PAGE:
We’ve all heard the term “Big yourself up” in relation to CV creation. Give them what they want to hear i.e “I’m a hard worker who has worked in a team, but I’m also well able to work off my own initiative” (Guilty!!). In this piece, I wish to talk about some of the current frustration that I have in relation to recruitment and the whole CV writing process in general. I think there needs to be a transition to a more modern ways of recruitment and CV creation. Or at least the use of different platforms to show your true skill-set.
Sometimes, I compare Paper CVs (PCV) to Instagram filters. You are able to hide behind the reality of a beautifying tool. However, that is just a necessary reaction to the current environment. Everything has to seem that bit better to be noticed and given true appreciation. Let’s be honest, Instagrammed pictures of food can look delicious and exceptional, but they might actually taste horrendous. I, for one, am no more than an average cook, but even I can look like Gordon Ramsey with a few little tweaks on a decent filter.
Similarly, PCVs can seem impressive and a perfect fit. On the flip, they can really leave a potential applicant down as they might not be able to get across their true potential for the role. Many of us learn best through doing, not saying. Is there a potential to do more and write less when it comes to the CV process? After all, that should give the employer a better reflection of the candidate that is on offer. There are definitely flaws and cover-ups in the system at the moment and it can be a frustrating process for many people involved in it.
I am not saying that there isn’t a place for the traditional PCV, but we live in an evolving digital world. I think a PCV should be included as part of the process, but not the be all and end all. After all, a CV that is full of your qualifications and achievements prove that you are able knuckle down and get through a degree. There is value in that alone. There should be more challenges to the norm, however. Innovation should be a constant process in all aspects of life. You wouldn’t bring your girlfriend for dinner to the same restaurant every week (God help you if you do). You wouldn’t even do dinner every week. Mix it up. Furthermore, the addition of a Video CV (VCV) to their traditional PCV may allow them to elevate their appeal to the next level. I’d be very interested to see a study where employers ditch the conventional and try something different in their recruitment process. Could a business offer trial periods for applicants to see what they have to offer in the real world instead of judging them on their PCV and interview? Many PCVs are generic and spit out the same formula. Even those that attempt to stand out can fall by the wayside. If I was an employer, I would be looking for something different, some proof that I could rely on you as an innovative thinker. I’d consider giving you a chance for a short period of time to see how things progress. Not an internship, but not a million miles from it either. I’d set applicants a mini work task that has close relevance to what they will be asked to do. If they really want the job and put the work into a great project, I’d be more inclined to see them as potential candidate. Many employers don’t think outside the box. However, that is just me.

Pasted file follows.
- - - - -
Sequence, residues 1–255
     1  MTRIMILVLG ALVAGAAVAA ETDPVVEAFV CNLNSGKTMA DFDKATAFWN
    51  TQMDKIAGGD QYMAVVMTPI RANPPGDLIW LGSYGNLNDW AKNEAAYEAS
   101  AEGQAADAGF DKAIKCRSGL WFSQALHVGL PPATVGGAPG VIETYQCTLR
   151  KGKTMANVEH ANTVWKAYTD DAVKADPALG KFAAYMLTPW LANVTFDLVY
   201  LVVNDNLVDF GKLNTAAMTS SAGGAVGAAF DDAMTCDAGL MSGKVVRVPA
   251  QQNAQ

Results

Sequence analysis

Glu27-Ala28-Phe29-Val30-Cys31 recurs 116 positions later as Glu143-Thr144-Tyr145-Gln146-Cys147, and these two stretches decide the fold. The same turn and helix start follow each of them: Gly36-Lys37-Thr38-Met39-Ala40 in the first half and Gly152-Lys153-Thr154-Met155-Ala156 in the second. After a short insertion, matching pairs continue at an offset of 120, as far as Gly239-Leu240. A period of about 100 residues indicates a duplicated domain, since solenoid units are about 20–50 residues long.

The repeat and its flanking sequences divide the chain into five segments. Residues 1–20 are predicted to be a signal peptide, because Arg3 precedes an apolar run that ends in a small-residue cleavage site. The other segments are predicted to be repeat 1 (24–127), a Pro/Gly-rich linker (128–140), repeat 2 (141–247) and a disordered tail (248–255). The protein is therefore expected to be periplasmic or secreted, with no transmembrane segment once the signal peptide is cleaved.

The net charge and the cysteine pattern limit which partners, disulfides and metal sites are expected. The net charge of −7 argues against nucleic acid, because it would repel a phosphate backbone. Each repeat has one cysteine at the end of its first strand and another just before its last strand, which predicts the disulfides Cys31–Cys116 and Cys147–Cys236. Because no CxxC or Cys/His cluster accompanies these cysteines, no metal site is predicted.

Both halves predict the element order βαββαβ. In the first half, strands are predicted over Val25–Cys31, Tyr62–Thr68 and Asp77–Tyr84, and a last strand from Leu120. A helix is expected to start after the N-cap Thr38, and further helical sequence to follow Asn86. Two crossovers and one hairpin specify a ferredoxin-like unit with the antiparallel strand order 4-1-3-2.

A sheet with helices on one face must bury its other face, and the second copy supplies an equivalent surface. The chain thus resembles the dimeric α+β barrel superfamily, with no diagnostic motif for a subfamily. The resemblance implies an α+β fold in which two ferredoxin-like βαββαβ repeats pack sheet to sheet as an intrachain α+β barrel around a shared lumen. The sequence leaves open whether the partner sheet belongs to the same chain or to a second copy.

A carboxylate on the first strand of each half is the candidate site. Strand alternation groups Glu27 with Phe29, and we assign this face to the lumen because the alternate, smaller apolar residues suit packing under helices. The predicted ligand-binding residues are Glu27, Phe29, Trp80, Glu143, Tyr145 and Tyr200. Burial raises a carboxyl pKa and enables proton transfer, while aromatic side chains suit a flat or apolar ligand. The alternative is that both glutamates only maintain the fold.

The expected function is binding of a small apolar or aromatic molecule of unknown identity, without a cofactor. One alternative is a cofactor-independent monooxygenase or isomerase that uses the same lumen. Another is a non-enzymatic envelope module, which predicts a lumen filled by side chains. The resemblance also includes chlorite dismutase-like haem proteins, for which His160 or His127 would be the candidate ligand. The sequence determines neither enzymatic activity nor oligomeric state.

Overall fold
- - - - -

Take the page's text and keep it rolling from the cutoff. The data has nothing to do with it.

Average cooks with exceptional filters. I can’t help but get this feeling when it comes to many things in this day and age. It’s hard to see past the glossy facade sometimes, but that is the environment that we live in. People don’t want to see or hear the imperfections. The reality. PCV’s can be misleading and that is the truth of the matter. From an employer point of view, personally I’d want to see different ways that people can demonstrate their skills and attributes. From an applicant point of view, I’d like to see more opportunity for creative approaches that portray my skills more accurately. More importantly, that these approaches are recognised and accepted by companies.
“Think. Create. Do.”